Notch3 Signaling as a Determinant of Vascular Cell Fate
Principal Investigator: GARY HUGH GIBBONS
Abstract: DESCRIPTION (provided by the applicant): It is postulated that pathological changes in vessel structure seen in conditions such as hypertensive arteriopathy are induced in part by signaling pathways that govern cell growth, death, differentiation and matrix production. Within the spectrum of identified arteriopathies, cerebral autosomal dominant arteriopathy with subcortical infarcts and leukoencephalopathy (CADASIL), is a heritable syndrome of systemic small vessel disease predisposing to stroke and vascular dementia. The pathological changes defined in the vessels of affected individuals are reminiscent of hypertensive arteriopathy with prominent degeneration and loss of vascular smooth muscle cells (VSMC). The etiological basis for this syndrome is mutations within one of the Notch family of genes, Notch3. These mutations are postulated to result in a functional loss of Notch3 signaling primarily affecting adult VSMC. Notch3 expression in normal adult tissue is largely confined to VSMC. However, the functional role and significance of Notch3 signaling in VSMC biology and arterial structure remains to be defined. Our preliminary studies have provided some initial insights into Notch3 signaling and function in VSMC. We have begun to define Notch3 as a mediator of VSMC growth and apoptosis. Furthermore, we have made the initial observation that Notch3 is expressed within the neointima after arterial injury. We postulate that Notch3 signaling is a critical determinant of VSMC fate and arterial structure by promoting growth and inhibiting apoptosis. However, the downstream effectors of Notch3 signaling in VSMC remain to be defined. The proposed project will test the central hypothesis that Notch3 signaling is a critical determinant of vascular remodeling and arterial structure by modulating downstream molecular cell fate determinants of VSMC growth and apoptosis through the sequential activation of an RBPJ- and HRT1-dependent transcriptional pathway. We propose to systematically implement both a loss- and gain-of-function strategy, to address two fundamental questions: 1) What are the downstream cell fate determinants modulated by Notch3 in VSMC and 2) What is the biological significance of Notch3 signaling as a functional and structural determinant in vitro and in vivo? Specifically, we will: Aim 1: Define the essential role of RBPJ-mediated activation of HRT1 as downstream effectors of a VSMC growth-stimulatory pathway induced by Notch3. Aim 2: Define the essential role of RBPJ-mediated activation of HRT1 as downstream effectors of a Notch3-induced VSMC survival pathway. Aim 3: Determine the functional role of Notch3 pathway activation on VSMC fate determination, vascular remodeling and lesion formation in vivo. Taken together, these findings will provide fundamental insight into transcriptional programs and molecular cell fate determinants of arteriopathic remodeling seen in hypertension and the genetic disorder, CADASIL.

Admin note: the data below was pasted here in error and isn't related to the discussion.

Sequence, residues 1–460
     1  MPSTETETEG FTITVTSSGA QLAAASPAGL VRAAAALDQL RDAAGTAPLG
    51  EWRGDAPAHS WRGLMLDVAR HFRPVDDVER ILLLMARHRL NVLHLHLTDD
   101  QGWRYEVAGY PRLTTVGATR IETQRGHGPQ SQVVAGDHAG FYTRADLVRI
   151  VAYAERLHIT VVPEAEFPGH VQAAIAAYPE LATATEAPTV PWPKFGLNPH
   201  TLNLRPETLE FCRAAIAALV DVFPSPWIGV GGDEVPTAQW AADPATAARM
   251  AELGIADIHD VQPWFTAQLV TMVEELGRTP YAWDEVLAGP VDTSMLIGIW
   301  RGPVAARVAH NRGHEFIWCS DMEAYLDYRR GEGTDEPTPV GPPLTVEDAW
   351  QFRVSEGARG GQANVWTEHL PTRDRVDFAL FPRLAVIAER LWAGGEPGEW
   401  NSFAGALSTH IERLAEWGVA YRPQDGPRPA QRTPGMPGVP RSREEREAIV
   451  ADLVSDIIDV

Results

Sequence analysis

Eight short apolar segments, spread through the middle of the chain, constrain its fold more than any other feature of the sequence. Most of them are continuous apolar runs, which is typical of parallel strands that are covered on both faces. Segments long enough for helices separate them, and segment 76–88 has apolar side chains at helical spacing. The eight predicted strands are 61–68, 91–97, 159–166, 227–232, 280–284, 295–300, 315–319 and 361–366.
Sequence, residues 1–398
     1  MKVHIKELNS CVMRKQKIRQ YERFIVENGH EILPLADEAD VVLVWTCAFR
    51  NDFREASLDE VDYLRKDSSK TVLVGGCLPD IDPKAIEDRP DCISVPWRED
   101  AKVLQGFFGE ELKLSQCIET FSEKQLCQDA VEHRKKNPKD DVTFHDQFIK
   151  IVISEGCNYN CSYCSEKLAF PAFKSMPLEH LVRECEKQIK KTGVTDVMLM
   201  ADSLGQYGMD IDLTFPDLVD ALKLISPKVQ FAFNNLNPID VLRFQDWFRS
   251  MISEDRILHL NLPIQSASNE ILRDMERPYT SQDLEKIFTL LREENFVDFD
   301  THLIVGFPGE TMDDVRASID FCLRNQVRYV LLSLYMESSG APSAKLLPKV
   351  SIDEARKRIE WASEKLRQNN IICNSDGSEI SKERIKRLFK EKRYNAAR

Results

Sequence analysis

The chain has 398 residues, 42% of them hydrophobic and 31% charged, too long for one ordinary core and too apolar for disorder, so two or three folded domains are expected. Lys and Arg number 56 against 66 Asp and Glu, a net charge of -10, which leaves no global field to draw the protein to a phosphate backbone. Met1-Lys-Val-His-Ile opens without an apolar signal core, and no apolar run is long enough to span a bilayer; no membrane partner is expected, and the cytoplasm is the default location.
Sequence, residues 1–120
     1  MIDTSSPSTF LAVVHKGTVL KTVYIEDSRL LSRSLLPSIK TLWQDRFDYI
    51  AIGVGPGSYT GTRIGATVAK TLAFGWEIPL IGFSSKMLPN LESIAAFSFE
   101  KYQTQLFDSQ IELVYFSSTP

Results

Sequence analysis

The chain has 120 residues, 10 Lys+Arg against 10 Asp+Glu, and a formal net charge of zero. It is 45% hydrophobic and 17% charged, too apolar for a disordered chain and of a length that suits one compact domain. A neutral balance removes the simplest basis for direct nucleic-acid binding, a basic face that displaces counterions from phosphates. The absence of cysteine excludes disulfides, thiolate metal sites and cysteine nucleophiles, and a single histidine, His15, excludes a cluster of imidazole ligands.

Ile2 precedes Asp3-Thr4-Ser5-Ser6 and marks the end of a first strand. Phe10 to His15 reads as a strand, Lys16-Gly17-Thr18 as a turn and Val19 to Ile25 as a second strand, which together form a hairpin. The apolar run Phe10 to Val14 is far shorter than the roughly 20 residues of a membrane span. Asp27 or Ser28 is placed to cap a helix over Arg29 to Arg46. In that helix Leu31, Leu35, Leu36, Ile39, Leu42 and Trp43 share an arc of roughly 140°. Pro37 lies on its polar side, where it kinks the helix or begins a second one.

Funding Period: 2002-08-01 - 2007-07-31
more information: NIH RePORT
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Cardiovascular Research Institute, Morehouse School of Medicine, Atlanta, GA 30310, USA
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